by Michael Moore
Delaware Gazette

**** 3 1/2 stars ****

Could “Manna from Heaven” really be this year’s “My Big Fat Greek Wedding?” — one of the most popular independent films ever made.

Even “Manna’s” producers acknowledge that the stars would have to align just right for their film to hit as big as “Big Fat Greek Wedding,” but “Manna” is certainly a touching movie with a well-written script that is sure to keep audiences’ attention. Like “Big Fat Greek Wedding,” “Manna” is a stark contrast from some of Hollywood’s worst big budget films with thin story lines and awful acting. But, with no advertising, the problem will be getting people to the theaters to see it.

“Manna” is a truly independent film produced by the Burton family of Buffalo’s Five Sisters Productions. The family’s matriarch, Gabrielle B. Burton, wrote the script; a daughter, Gabrielle C. of Liberty Township, co-directed the film [with her sister Maria] and three of the Burton sisters have parts in the movie. The film’s characters are rich and interesting and the plot keeps moves you along to an expected ending that comes in an unexpected way.

Like “Big Fat Greek Wedding,” “Manna” is a feel-good story that will have audiences leaving the theater with a smile on their face and a hope in their heart. But, unlike “Big Fat Greek Wedding,” “Manna” didn’t have a multi-million advertising budget on which to draw in audiences. Starting in August, the Burton family has traveled with the film from city to city, spreading the word in person at each opening.

“Manna from Heaven” opens today at the Delaware Square Theater where it will be playing throughout next week. And the Burton family will be there.

Set in the mid 1960s, the movie’s plot revolves around the nun Theresa (Ursula Burton), whose friends and family always believed was touched by God. When a truck load of $20 bills falls from the sky, the clan uses a young, saintly Theresa’s blessing that it is “a gift from God” to fulfill their own selfish ambitions.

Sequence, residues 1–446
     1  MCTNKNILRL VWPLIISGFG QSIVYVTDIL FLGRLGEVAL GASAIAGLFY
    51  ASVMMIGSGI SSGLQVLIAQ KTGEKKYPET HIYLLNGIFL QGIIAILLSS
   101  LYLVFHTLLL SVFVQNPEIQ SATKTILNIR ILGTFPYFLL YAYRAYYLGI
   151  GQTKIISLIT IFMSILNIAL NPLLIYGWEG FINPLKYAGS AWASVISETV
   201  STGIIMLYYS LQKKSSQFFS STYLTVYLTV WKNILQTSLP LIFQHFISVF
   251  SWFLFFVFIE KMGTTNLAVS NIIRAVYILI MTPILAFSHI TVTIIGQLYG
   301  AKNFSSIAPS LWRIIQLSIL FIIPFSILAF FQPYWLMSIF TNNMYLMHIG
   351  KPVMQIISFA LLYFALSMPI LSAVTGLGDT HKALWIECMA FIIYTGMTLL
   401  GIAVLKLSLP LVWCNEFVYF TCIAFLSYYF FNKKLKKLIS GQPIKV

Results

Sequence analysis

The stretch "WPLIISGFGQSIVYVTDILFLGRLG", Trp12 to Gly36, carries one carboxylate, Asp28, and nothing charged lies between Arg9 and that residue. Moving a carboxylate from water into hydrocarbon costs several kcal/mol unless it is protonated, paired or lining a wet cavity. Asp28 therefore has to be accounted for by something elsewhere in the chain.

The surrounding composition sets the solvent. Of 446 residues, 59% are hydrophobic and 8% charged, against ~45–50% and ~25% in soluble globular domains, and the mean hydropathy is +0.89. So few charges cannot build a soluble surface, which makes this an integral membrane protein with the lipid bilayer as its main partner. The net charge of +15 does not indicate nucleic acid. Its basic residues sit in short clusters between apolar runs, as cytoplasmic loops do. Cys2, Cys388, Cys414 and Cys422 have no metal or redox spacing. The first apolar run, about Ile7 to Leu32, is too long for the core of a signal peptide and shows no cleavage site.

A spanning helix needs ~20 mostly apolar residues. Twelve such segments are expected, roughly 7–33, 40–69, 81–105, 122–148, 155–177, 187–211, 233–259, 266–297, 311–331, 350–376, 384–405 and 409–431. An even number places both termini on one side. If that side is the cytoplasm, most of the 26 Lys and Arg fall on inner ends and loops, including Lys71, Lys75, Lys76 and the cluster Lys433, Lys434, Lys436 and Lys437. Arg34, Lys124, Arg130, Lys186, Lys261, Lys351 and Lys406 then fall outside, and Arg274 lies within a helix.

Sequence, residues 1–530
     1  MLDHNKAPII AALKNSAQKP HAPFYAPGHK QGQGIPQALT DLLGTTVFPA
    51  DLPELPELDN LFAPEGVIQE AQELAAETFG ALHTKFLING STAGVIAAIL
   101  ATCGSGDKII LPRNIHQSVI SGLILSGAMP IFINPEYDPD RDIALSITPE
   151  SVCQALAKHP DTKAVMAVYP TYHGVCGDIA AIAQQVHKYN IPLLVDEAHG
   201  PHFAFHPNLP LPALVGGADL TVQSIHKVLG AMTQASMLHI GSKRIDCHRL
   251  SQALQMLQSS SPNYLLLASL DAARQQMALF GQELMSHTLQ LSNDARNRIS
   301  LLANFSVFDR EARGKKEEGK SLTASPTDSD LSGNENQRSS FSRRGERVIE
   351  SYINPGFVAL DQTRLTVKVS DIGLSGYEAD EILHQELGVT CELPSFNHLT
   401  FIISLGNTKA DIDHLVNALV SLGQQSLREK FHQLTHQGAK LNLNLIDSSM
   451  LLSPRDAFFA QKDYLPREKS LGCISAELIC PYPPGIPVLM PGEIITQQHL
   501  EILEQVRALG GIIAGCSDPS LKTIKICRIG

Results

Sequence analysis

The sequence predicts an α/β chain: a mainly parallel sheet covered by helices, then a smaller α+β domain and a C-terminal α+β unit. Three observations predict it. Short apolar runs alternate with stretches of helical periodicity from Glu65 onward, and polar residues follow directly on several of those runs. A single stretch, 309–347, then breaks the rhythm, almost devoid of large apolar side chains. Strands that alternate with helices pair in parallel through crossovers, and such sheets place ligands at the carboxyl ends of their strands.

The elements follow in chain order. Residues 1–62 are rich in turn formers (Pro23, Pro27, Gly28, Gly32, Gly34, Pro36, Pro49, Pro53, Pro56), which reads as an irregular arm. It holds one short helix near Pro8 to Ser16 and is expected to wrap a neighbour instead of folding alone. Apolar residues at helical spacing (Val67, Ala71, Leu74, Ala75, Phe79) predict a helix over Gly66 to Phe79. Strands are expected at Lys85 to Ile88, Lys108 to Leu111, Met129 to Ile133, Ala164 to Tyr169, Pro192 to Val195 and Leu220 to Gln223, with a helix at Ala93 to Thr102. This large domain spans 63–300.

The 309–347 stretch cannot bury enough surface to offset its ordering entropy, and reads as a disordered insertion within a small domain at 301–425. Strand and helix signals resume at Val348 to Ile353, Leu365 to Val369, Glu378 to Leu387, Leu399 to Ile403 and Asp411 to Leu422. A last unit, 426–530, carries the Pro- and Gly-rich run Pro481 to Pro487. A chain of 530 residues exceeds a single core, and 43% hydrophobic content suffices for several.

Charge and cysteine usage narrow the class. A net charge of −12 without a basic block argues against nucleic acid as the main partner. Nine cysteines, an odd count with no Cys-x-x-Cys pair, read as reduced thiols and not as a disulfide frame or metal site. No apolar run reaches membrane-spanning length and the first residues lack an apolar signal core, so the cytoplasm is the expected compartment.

Years later, and long after all the money has been spent, Theresa’s conscience gets the best of her in the form of visions spelled out in a bowl of holy water. The message: The money has to be repaid.

Theresa calls the clan back together and what follows is a comedy of personal interactions as they try to “repay” the money through a dance contest and a car raffle. The problem is that none of them really want to give the money back and even if they did they wouldn’t know to whom to give it.

The ensemble cast is accomplished and worked for modest fees because they liked the script, Gabrielle C. Burton said . Academy Award winner Shirley Jones (“The Partridge Family”) and Frank Gorshin (“Batman,” “12 Monkeys”) are a hilarious husband and wife con team whose life of conniving extends to a plot to fix the raffle and steal the door money at the dance contest. Inez (Wendie Malick) is a street-smart Vegas card dealer that shows a soft side when she falls in love with a Secret Service agent who’s investigating a trail of counterfeit money. “He knows how to gamble. He knows how to drink. He knows how to smoke. There’s gotta be something wrong with him,” Inez says. Jill Eikenberry (“L.A. Law,” “Arthur”) is an eternal optimist whose unending generosity balances out the rest of the cast. Shelley Duvall, one of the first actors to sign on with “Manna,” has a cameo role. Cloris Leachman (“The Mary Tyler Moore Show”) is an elderly and invalid “mother” who rediscovers independence and youth when she tries to win the car raffle.

If nothing else, “Manna from Heaven” gives people a sense of renewed hope, that people can pull together for the common good.

The unfortunate thing is that many people won’t go see “Manna” because there’s no big promotional budget to support it. But those people will be missing a gem of a movie that the big Hollywood studios only wish they could get.

Three and a half stars. Rated PG. 119 minutes.